Saint Gertrude of Helfta
|Born||January 6, 1256|
Eisleben, Thuringia, Holy Roman Empire
Helfta, Saxony, Holy Roman Empire
|Venerated in||Catholic Church|
|Canonized||1677 (equipollent) by Clement XII|
|Attributes||crown, lily, taper|
Gertrude the Great (or Saint Gertrude of Helfta; Italian: Santa Gertrude; January 6, 1256 – c. 1302) was a German Benedictine nun, mystic, and theologian. She is recognized as a saint by the Catholic Church, and is inscribed in the General Roman Calendar, for optional celebration throughout the Roman Rite as a memorial, on November 16.
Little is known of the early life of Gertrude. Gertrude was born on the Feast of the Epiphany, January 6, 1256, in Eisleben, Thuringia (within the Holy Roman Empire). At the age of four, she entered the monastery school at the monastery of St. Mary at Helfta (with much debate having occurred as to whether this monastery is best described as Benedictine or Cistercian), under the direction of its abbess, Gertrude of Hackeborn. It is speculated that she was offered as a child oblate to the Church by devout parents. Given that Gertrude implies in the Herald that her parents were long dead at the time of writing, however, it is also possible that she entered the monastery school as an orphan.
Gertrude was confided to the care of Mechtilde, younger sister of the Abbess Gertrude, and joined the monastic community in 1266. It is clear from her own writings that she received a thorough education in a range of subjects. She, and the nun who authored Books 1 and 3-5 of the Herald, are thoroughly familiar with scripture, the Church Fathers such as Augustine and Gregory the Great, and also in more contemporary spiritual writers such as Richard and Hugh of St Victor, William of St Thierry, and Bernard of Clairvaux. Moreover, Gertrude's writing demonstrates that she was well-versed in rhetoric, and her Latin is very fluent.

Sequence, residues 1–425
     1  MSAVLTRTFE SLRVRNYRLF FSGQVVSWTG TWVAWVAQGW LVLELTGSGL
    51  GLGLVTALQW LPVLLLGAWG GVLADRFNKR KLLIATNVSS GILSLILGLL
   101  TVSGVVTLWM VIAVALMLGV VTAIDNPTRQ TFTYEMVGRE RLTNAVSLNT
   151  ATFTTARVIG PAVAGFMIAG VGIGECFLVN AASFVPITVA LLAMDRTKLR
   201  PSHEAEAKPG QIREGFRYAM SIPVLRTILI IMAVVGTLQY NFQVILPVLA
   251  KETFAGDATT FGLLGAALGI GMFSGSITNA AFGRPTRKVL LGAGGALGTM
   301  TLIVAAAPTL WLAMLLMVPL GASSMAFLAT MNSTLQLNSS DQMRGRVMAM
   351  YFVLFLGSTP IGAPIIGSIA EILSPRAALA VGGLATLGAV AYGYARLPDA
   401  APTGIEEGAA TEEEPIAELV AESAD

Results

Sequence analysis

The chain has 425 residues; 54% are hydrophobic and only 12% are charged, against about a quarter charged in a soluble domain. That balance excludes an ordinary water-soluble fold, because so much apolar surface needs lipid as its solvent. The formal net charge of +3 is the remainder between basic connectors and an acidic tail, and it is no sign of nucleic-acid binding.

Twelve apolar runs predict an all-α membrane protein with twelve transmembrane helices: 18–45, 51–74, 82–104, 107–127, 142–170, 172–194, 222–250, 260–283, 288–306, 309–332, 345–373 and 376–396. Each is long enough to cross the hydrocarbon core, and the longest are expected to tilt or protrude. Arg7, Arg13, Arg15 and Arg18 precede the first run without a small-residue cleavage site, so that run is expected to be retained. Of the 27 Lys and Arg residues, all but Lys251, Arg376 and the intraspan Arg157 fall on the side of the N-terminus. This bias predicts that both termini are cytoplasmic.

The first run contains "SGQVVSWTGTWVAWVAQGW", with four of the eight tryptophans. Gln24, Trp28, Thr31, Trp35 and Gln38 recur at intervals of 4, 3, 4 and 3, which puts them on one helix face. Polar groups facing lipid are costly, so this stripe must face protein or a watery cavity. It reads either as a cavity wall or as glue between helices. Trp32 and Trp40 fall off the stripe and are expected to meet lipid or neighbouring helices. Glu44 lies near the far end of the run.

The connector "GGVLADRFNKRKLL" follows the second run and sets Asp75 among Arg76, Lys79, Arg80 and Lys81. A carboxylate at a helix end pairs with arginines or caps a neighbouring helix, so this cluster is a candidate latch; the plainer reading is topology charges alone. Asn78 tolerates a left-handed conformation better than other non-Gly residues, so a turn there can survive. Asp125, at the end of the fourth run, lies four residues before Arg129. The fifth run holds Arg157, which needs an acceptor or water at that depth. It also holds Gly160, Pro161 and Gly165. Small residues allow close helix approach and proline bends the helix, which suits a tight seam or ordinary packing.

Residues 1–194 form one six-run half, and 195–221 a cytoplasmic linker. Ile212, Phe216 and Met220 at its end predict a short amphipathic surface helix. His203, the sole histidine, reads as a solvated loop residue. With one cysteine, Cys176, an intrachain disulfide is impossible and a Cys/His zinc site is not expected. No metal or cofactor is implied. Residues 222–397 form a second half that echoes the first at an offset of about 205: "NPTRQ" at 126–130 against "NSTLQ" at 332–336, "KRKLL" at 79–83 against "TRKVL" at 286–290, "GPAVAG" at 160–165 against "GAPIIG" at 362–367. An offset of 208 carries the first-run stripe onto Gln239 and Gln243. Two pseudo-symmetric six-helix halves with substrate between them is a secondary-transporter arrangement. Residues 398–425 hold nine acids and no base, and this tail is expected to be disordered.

In 1281, at the age of 25, she experienced the first of a series of visions that continued throughout her life, and which changed the course of her life. Her priorities shifted away from secular knowledge and toward the study of Scripture and theology. Gertrude devoted herself strongly to personal prayer and meditation, and began writing spiritual treatises for the benefit of her monastic sisters. Gertrude became one of the great mystics of the 13th century. Together with her friend and teacher Mechtild, she practiced a spirituality called "nuptial mysticism," that is, she came to see herself as the bride of Christ.
Gertrude died at Helfta, near Eisleben, Saxony, around 1302. Her feast day is celebrated on November 16, but the exact date of her death is unknown; the November date stems from a confusion with Abbess Gertrude of Hackeborn.